Can you give us any hints about what’s coming up for Dean in the remaining episodes of Cucumber?

“As the series comes to a close I think you’ll get to understand Dean a lot more. I think he matures over the course of the next few episodes. And it’s really interesting to see how the events of Episode 6 affect Dean and his relationship with Henry.”


Aside from Dean, who’s your favourite character in Cucumber and Banana?

“I love all the characters but I really adore Cleo. She seems to be the only one with her head firmly on her shoulders. You could almost call her the moral centre of the piece. You can see that she has this huge heart and she just wants the best for everyone, she has this openness to her that’s incredibly attractive.

Cucumber 1 1 Julie Hesmondhalgh

“Her attitude to her son’s fluid sexuality is just one example of that, I think that really, she just wants her brother to stop being daft and go home. And Julie who plays her is incredible, and a good laugh.”


I love Dean’s walk and the energetic skips he does! Is that something you introduced?

“Ah, thank you. Yeah, I’m quite proud of that walk. I can’t really remember how it came about. I think it happened during my first day on Banana.

“We were doing the hotel scene and I was rushing to find the right room and I just started to walk like that, it just sort of felt right for the role and no one told me it was silly so I carried on. I’m glad people like it.”


Would you be up for returning as Dean if either/both shows get a second season?

“In a heartbeat. I’d love to play Dean again. It’s so much fun being someone with so few inhibitions theres something really freeing about playing him and I’d relish the chance to go again.”


You describe yourself as a ‘junior geek’ on Twitter – what other TV shows are you watching at the moment?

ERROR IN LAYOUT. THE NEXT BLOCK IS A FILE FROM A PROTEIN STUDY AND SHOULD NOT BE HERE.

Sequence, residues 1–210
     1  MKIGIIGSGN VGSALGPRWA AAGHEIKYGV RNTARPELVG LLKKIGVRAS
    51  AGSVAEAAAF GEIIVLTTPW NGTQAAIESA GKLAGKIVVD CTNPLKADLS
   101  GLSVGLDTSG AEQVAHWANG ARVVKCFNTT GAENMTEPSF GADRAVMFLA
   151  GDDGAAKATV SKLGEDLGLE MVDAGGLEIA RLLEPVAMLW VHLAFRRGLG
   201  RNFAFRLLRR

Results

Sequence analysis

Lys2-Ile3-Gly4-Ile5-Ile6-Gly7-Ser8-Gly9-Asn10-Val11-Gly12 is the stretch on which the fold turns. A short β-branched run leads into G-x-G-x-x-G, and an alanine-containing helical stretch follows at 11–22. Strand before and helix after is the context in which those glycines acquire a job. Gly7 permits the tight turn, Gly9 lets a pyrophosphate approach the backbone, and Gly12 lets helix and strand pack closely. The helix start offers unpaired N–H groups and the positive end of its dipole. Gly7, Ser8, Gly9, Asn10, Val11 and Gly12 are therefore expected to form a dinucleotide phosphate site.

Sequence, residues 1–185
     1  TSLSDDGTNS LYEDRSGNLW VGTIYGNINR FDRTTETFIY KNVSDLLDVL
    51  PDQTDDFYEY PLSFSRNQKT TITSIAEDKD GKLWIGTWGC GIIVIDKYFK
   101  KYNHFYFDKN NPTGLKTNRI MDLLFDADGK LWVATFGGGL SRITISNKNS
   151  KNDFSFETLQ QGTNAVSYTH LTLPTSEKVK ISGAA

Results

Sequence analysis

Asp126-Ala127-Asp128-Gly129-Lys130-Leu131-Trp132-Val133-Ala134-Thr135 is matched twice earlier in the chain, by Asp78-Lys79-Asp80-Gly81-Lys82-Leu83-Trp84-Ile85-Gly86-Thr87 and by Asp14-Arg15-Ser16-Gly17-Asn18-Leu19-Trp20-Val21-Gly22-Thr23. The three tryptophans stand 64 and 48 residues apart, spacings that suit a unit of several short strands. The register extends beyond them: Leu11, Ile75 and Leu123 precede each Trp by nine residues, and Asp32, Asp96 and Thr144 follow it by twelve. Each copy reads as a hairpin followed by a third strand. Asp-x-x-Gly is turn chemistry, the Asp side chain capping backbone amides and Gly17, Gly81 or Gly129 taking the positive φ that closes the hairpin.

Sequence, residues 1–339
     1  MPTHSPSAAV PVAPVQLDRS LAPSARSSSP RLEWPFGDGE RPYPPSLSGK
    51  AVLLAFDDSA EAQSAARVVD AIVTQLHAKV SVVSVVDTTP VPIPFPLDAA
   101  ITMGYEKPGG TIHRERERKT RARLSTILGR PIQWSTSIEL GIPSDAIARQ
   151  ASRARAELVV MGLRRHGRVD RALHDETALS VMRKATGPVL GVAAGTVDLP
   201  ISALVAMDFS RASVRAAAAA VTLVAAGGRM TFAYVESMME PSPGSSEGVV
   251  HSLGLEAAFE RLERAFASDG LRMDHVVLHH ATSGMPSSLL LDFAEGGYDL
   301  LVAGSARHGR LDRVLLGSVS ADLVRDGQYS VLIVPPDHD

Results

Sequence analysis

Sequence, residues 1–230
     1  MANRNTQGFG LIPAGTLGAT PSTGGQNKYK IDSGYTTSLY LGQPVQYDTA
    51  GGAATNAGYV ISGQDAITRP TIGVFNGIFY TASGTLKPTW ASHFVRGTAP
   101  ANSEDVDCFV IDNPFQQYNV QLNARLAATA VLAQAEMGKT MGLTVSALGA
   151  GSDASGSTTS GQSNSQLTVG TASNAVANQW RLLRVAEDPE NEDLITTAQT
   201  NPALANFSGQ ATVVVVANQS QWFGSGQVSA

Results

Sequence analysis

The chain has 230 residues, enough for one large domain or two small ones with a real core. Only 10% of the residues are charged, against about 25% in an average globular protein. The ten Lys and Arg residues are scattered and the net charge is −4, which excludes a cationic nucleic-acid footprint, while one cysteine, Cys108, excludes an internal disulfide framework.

Catastrophe is one of my new favourite shows, it’s so brilliantly done. I loved Utopia and I wish they’d bring it back! Looking and Girls on HBO are great.


“Really big fan of Game of Thrones, True Detective, Mad Men, Treme… And I’ll always have a soft spot for Xena Warrior Princess.”


Were you a fan of Russell T Davies’ era of Doctor Who and would you like to guest star in the show one day?

“I was a HUGE fan of Russell’s Doctor Who. If I were lucky enough to be offered a role I’d love to play someone like The Master… That’d be fun, or an alien of some sort, I’d like to be made up with prosthetics.”


You’re also going to be appearing in BBC One’s Ordinary Lies. What can you tell us about that?

Ordinary Lies Fisayo Akinade

“It’s a drama set in a car showroom and each week the story focuses on one character and one lie. But the brilliant thing about it is that even though the focus is different each week, there are lots of other story lines running parallel to the main one.

“So you get to know all the people at the showroom and their various relationships, secrets, and lies as the show goes on.”


Not many young actors can have as their first major TV credits scripts by Russell T Davies and Danny Brocklehurst! How do you feel to be starting out with those two guys behind you?

“It’s the biggest privilege in the world. They’re both brilliant writers, and both shows are great. Ordinary Lies was great to film and I can’t wait to work with Danny again. And Russell has had a huge impact on me. He’s changed my life.”


What else have you got planned for 2015?

“Hopefully more quality work. Theatre, TV or film; I just want to do good work with good people.”